2:45 let's bring this back and then let me search the simple files again, just to show that we are actually still searching just like before.
2:54 So let's search the small set of books for Holmes, there you go, you can see 468 matches, and we are searching the Ulysses
3:03 or searching The Adventures of Sherlock Holmes, perfect, it works exactly the same but from a performance perspective it's not the same,
3:13 let's run it again, and this time we are going to search the large set of files,
3:18 and again, we are going to search for how many question marks are there, there were something like 2.78 million question marks and remember,
3:26 we had to use like almost 400 MB of memory to answer that question, remember, 400 MB, what's it going to do this time, can we do better?
3:36 Oh, here, hold on, let me stop this really quick, remember, we didn't do the output, it was too much going really,
3:42 we just did a little count, so let's rerun it this way. Ok, here we go again,
3:48 it's going, 3.8 MB remember, it should have jumped up to 300 MB, a gigabyte, what is going on, this is so absolutely amazing,
3:58 look at this you guys, we are processing gigabytes and gigabytes of code with almost identical algorithms and yet the memory usage is the same
4:06 as if we are processing like a single line in memory, because that's all we are ever holding, is a single line in memory, ok,
4:14 great we do have the file stream open to some huge file at some point, but we are seeking over, we are streaming across it.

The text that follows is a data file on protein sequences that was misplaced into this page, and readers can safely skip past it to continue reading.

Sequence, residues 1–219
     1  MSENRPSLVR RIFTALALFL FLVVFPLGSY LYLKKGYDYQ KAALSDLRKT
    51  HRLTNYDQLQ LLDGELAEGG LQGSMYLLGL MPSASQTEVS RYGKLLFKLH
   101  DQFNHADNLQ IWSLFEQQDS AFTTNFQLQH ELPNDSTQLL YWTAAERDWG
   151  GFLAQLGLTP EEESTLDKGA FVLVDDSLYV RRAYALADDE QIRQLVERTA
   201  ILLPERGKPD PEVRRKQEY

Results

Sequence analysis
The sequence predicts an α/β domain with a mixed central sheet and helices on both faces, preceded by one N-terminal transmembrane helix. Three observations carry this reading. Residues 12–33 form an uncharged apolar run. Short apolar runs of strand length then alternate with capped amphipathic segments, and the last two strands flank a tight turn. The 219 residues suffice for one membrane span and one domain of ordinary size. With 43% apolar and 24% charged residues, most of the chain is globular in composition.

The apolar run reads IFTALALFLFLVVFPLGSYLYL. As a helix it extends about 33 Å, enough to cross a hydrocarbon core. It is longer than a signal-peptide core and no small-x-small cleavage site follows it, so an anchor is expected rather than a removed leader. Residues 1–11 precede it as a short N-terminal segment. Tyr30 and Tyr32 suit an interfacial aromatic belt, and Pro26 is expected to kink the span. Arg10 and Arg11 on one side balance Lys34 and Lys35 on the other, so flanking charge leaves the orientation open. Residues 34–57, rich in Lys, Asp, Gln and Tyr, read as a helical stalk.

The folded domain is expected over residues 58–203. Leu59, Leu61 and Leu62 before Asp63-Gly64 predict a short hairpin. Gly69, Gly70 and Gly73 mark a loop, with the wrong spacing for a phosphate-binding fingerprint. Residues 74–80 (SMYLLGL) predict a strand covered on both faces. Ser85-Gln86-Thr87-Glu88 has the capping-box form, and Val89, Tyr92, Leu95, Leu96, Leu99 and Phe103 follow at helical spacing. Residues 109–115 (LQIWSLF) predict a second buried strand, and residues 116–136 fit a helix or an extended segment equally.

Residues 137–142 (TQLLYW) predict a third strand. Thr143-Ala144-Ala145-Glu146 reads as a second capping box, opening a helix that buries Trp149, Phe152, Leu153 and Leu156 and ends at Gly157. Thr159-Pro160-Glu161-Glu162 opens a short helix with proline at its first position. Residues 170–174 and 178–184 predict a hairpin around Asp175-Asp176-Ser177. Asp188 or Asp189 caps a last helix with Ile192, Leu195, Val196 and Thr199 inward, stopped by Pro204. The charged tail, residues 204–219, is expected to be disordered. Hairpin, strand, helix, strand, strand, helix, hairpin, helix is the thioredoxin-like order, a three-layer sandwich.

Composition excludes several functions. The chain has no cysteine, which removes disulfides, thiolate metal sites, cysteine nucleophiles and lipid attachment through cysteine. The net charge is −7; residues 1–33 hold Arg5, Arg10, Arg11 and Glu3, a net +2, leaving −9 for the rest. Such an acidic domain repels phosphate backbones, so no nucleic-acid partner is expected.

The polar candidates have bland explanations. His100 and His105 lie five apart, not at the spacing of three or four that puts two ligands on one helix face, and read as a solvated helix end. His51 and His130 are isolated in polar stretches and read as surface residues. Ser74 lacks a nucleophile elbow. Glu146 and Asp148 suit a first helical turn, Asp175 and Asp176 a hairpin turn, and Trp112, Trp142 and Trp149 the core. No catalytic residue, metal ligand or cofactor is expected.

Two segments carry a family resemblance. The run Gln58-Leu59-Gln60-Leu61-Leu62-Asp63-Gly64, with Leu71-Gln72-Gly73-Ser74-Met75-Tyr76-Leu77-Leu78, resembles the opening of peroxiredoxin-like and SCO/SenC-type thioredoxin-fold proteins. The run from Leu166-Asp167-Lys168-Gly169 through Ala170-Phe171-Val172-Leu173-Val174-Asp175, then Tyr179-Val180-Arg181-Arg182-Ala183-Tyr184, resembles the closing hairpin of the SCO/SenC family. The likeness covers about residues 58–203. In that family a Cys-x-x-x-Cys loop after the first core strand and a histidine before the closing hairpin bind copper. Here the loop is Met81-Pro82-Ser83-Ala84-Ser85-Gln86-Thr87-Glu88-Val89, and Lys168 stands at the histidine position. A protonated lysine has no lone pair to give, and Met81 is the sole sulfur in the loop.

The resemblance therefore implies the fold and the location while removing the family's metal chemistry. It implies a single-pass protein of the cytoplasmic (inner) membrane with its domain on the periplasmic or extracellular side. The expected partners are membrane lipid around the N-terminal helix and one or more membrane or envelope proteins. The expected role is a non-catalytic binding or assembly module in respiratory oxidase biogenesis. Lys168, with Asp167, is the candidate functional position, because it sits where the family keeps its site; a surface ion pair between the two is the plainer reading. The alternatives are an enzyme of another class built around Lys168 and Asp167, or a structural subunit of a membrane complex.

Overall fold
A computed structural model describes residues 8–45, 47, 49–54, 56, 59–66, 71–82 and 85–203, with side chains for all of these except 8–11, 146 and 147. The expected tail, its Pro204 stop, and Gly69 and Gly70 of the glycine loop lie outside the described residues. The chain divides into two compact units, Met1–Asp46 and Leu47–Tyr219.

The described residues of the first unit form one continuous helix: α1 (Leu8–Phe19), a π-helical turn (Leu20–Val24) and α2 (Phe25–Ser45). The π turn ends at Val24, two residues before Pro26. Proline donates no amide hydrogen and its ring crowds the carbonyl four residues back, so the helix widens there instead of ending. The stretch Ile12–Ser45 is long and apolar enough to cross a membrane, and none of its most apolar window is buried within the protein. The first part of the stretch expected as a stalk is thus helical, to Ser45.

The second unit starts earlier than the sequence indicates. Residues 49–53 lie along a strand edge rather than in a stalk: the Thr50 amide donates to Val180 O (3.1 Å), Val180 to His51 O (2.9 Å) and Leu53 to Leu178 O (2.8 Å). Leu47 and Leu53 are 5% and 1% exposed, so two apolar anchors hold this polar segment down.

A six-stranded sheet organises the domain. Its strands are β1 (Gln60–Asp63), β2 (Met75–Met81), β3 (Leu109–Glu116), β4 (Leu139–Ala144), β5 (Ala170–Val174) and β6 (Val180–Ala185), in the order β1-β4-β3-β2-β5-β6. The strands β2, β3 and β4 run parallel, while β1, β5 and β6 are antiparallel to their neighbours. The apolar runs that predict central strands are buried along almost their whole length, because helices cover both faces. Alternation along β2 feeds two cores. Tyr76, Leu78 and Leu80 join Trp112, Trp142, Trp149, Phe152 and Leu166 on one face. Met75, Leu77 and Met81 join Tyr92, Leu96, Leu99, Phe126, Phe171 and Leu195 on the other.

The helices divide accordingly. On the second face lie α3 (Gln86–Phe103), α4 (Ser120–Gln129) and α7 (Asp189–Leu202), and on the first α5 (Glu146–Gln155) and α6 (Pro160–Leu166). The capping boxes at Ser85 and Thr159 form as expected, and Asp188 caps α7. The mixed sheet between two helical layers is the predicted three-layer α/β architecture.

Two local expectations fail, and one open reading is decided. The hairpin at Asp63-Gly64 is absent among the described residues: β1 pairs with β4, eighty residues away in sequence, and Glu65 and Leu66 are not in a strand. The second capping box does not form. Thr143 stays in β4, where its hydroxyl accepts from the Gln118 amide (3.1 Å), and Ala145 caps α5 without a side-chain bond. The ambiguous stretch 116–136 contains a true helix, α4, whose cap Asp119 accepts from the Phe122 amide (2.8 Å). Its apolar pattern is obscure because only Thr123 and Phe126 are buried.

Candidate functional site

4:21 Let's just let it run and see where it goes. It's done, look at that, look at the memory usage, look at the CPU,
4:35 look at the performance, it is so much better than it was before, in fact, I kept the previous one around,
4:43 let's have a look at it, it's not really fair to put them side by side, because the scale of the graph is not the same,
4:50 but I think we'll get the sense anyway. So on the left is the old bad sort of standard procedural code style and now look at the memory,
4:59 it goes from 3 MB when I was starting out to 394 MB; ours went from 3 MB to 4 MB. And that was it.
5:12 If you look at the size of the CPU graph or sort of the length of any of these graphs, you'll see they are basically identical in computational time,
5:19 it looks actually lower on CPU usage, presumably it's doing less garbage collection less allocation,
5:27 doubling of lists and copying them and things like this, and all we have done to change that algorithm is use the yield
5:34 and yield from keyword instead of making lists appending and extending them. The code we wrote actually got a couple of lines shorter,
5:41 so this is the power of generator methods and any time you are processing like a pipeline of lots of data you saw that you can chain them together
5:50 to create these pipelines basically effortlessly, we'll see that there is even a simpler way to create
5:56 this type of structure something called a generator expression, right, but we'll save that for the next app.

Talk Python's Mastodon Michael Kennedy's Mastodon